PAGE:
Every baby and every body is different so it’s important to know your baby and react on that. An expectant mother getting to know her baby’s own pattern of movement through “kick counting” can help her to determine if her baby has a period of reduced or increased foetal movement and promptly notify her midwife, doula, doctor or antenatal healthcare professional. We believe too that if a pregnant woman is particularly anxious, monitoring her baby’s movements – counting the kicks – can empower her to feel confident and comfortable that everything is ok or that yes, there is reason for concern.
Some feedback we have received from women worldwide who have followed Still Aware and the advice offered…
“I became more vigilant in my third trimester thanks to Still Aware” – Kate, Adelaide
“The courage you have shown in speaking about stillbirth is wonderful, I sincerely hope that through greater awareness it will no longer be a taboo subject” – Ally, Wales
“No explanation (from the doctors) could alleviate my sisters concern. As it turned out there was an infection in the placenta. So I guess I’m just wanting to tell you that thanks to Still Aware, my sister and her baby were more aware and worked together to keep each other ok.” – Nicole, Singapore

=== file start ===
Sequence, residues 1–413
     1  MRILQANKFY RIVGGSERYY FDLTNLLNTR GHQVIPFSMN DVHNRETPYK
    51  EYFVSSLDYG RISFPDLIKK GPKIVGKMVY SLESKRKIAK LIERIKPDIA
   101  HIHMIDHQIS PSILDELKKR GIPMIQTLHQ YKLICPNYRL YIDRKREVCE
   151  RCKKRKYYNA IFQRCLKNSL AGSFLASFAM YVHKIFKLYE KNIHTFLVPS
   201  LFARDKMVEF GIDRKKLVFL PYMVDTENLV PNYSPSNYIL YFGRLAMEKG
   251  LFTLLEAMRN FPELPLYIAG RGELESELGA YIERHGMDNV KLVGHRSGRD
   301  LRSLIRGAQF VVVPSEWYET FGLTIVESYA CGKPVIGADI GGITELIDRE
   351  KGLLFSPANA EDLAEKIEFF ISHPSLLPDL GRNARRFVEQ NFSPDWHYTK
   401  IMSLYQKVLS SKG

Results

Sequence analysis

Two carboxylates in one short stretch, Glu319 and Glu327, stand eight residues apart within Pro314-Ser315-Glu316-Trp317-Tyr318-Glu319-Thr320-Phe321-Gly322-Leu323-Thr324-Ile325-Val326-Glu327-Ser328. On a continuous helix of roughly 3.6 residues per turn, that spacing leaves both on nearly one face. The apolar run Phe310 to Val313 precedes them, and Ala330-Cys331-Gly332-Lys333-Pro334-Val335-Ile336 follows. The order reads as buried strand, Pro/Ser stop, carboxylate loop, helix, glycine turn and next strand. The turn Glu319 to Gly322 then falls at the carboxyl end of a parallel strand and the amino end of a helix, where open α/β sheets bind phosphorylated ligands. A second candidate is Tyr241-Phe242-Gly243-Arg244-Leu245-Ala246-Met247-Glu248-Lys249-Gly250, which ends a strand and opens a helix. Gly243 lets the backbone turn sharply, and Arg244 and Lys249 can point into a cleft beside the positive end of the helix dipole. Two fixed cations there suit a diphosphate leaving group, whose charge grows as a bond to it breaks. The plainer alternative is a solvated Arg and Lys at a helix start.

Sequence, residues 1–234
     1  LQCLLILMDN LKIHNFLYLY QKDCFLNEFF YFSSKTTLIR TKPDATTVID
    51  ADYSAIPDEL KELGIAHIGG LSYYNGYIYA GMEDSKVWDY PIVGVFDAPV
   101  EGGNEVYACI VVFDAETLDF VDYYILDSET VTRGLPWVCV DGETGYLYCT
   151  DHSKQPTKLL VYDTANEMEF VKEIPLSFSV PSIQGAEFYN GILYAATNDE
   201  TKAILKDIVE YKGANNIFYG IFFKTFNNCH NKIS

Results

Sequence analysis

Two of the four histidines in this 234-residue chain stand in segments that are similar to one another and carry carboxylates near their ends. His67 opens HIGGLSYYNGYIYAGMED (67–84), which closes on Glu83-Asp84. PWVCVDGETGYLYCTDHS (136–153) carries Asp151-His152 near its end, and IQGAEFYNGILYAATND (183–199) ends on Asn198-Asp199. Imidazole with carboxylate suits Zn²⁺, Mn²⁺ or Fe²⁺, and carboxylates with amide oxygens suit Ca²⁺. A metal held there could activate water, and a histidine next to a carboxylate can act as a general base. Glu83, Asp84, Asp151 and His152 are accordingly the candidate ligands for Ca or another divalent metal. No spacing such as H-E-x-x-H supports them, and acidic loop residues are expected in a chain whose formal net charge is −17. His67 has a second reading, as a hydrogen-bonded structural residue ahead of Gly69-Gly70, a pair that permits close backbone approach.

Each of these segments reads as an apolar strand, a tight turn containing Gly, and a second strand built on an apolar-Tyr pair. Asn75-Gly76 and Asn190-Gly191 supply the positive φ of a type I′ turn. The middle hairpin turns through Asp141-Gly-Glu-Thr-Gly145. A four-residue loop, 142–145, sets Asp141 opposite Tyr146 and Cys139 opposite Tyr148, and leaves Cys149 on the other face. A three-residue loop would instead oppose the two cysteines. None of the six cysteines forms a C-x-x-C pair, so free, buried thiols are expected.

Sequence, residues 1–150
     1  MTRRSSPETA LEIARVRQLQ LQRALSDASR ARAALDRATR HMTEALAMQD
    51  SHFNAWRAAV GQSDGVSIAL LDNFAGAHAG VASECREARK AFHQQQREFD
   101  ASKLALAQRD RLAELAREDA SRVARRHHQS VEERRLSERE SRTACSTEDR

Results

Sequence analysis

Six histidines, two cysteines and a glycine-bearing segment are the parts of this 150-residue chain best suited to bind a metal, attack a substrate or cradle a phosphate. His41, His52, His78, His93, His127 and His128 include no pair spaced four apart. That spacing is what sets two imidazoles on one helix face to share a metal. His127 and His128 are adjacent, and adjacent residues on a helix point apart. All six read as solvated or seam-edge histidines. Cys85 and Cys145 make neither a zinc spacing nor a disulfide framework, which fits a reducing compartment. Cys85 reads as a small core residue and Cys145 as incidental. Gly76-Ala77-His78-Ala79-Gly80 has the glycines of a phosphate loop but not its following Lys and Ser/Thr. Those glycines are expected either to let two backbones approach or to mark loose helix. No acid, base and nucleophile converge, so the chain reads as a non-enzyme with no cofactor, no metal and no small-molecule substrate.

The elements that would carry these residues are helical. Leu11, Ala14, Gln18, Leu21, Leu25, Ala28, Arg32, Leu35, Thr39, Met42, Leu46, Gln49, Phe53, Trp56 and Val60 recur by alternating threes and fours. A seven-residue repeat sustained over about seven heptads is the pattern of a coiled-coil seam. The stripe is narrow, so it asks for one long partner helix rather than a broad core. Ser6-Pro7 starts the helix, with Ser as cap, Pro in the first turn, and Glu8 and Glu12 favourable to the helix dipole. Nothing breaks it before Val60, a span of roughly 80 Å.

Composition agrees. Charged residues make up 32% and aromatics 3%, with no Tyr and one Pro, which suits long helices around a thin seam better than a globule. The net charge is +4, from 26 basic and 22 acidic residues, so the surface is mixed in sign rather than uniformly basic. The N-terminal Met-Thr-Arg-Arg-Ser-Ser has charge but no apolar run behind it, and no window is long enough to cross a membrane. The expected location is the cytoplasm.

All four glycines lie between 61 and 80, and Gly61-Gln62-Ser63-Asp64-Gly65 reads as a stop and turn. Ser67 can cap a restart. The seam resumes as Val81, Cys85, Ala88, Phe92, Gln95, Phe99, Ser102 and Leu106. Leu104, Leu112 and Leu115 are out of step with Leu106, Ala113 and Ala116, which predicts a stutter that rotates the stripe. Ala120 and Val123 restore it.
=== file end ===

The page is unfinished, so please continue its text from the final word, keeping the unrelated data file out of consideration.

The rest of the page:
The love for your children is everlasting and truly gives you great strength. The love itself is stronger than anything and whether your baby is here with you or chasing butterflies above, you love them just the same. I often find myself asking a lot of why? why me? why her? why us? But, just like a majority of the 6 families daily, navigating the heartache of a their stillborn child, I will never actually be able to answer those questions. So instead I ask a question of you..
Why not speak up?
Why not give over 2000 babies each year their voice?
Why not talk about Stillbirth?
Why not be part of the change?
Why not raise awareness?
Please, we need to talk about stillbirth,
6 babies daily – one family every four hours in Australia – it’s too many!
Ask yourself, why not?